Dairy and IBS - dummies

By Carolyn Dean, L. Christine Wheeler

The connection between dairy and IBS can take the form of lactose intolerance and the insufficiency of lactase enzymes leading to the incomplete digestion of dairy leading to GI symptoms. Another connection and cause of symptoms may be an allergy or intolerance to the casein protein in dairy.

Lactose intolerance

Lactose intolerance symptoms primarily impact the GI tract. Lactase enzyme is designed to decode the lactose molecule into its two designer molecules: glucose and galactose. If that magic interaction doesn’t occur — that is, if you’re one of millions of people who don’t produce lactase enzymes — lactose continues merrily along the superhighway of your gut wreaking havoc in its path.

The chaos is due to bacteria and yeast in your large intestine feasting on undigested milk sugar, resulting in many IBS-like symptoms.

Symptoms of lactose intolerance include abdominal bloating, distention, pain and cramping, audible bowel noises, diarrhea, flatulence (passing gas), and sometimes nausea. These symptoms can be confused with an intestinal infection or celiac disease or be labeled IBS or IBD (inflammatory bowel disease).

Symptoms differ at different ages. Children with lactose intolerance may also have failure to thrive because one of their main sources of nutrients isn’t being absorbed and they’re losing nutrients due to diarrhea.

Remember the childhood birthday parties where cake and ice cream (or ice cream cake) were the main attraction? Imagine how scary and embarrassing those are for a child who’s blindsided by a need to rush to the bathroom while the other kids are pinning the tail on the donkey.

Adults may have the symptoms along with an urgency to evacuate the bowels. The timing can be from 30 minutes to two hours after a meal containing lactose.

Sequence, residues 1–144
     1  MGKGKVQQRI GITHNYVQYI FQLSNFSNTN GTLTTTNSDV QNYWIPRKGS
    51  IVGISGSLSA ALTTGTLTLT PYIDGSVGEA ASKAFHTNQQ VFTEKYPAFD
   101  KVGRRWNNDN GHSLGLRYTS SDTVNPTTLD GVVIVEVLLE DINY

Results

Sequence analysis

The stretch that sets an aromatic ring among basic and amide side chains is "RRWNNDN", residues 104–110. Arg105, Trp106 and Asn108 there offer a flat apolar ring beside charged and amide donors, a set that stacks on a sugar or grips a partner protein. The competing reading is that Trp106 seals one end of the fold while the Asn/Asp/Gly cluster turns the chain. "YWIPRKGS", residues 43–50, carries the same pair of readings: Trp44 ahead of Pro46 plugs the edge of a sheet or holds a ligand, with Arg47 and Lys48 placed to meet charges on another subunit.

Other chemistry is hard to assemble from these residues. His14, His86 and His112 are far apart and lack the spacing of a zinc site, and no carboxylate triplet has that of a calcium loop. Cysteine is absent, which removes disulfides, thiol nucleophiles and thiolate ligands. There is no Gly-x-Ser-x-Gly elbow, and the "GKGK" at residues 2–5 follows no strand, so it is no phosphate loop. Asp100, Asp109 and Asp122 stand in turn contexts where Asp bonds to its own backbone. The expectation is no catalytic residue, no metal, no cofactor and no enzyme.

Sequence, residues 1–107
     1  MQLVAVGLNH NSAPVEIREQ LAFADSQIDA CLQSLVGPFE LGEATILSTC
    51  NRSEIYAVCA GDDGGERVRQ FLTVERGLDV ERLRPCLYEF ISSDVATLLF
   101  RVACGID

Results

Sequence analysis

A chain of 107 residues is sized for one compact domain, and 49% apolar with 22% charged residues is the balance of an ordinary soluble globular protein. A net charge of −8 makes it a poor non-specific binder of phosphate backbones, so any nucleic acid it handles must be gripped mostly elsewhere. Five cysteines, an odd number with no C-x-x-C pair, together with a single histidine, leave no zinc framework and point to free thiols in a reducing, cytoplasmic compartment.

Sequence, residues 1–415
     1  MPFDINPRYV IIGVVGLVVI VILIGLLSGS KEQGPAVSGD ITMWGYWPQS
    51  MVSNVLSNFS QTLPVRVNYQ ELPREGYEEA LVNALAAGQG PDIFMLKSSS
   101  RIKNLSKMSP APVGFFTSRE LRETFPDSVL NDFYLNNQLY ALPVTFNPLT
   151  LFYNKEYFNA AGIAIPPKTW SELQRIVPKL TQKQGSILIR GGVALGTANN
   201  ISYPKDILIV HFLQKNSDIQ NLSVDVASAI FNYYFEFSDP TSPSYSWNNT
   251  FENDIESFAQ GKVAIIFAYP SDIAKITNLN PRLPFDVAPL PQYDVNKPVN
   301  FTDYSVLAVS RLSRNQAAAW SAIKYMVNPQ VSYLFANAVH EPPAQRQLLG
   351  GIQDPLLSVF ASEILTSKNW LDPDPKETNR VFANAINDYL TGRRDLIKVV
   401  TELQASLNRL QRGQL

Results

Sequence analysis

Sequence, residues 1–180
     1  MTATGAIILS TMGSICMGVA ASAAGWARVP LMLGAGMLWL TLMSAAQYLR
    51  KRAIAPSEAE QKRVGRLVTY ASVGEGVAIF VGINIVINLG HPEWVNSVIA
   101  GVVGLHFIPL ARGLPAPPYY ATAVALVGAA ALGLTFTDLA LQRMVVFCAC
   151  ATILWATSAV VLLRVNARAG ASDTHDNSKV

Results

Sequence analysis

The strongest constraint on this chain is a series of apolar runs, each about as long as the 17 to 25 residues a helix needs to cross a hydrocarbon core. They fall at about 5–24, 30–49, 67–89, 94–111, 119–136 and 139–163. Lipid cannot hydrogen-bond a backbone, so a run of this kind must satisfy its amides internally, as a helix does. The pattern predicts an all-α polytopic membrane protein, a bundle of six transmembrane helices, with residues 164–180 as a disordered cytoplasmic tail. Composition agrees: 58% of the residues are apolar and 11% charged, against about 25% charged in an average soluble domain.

According to the National Digestive Diseases Information Clearinghouse (NDDIC), 30 to 50 million Americans are lactose intolerant. But different cultures experience different levels of intolerance. 90 to 100 percent of Asian Americans, 80 percent of African Americans, and 15 percent of Caucasians suffer from the condition. Folks of northern European descent have even lower rates of lactose intolerance.

The symptoms associated with lactose intolerance are often related to the amount of dairy consumed and vary from one individual to another. If you eat dairy as the bulk of your meal or snack instead of it being a small portion of your meal, you may have a more difficult time digesting it.

However, having milk or cheese as part of a full meal, which allows for a longer digestion time, give your limited lactase enzymes more time to do their work. Some dairy products also contain less lactose and are often easier to tolerate.

Casein allergy or intolerance

Casein is a milk protein, whereas lactose is a milk sugar. The symptoms of a casein allergy or intolerance are more difficult to identify as coming from dairy. Symptoms can include GI symptoms (vomiting, heartburn, abdominal pain, diarrhea, gas, and bloating) and also eczema, hives, asthma, and shortness of breath.

Many foods that are advertised as “nondairy” or “dairy-free” still contain casein, and it may be found in high-protein or protein-enriched products. But casein can be hard to recognize on an ingredient list because it goes by several different names. Look for casein (obviously) but also sodium caseinate, galactose, sodium lactylate, lactose, lactalbumin, and other names that begin with or feature lact–.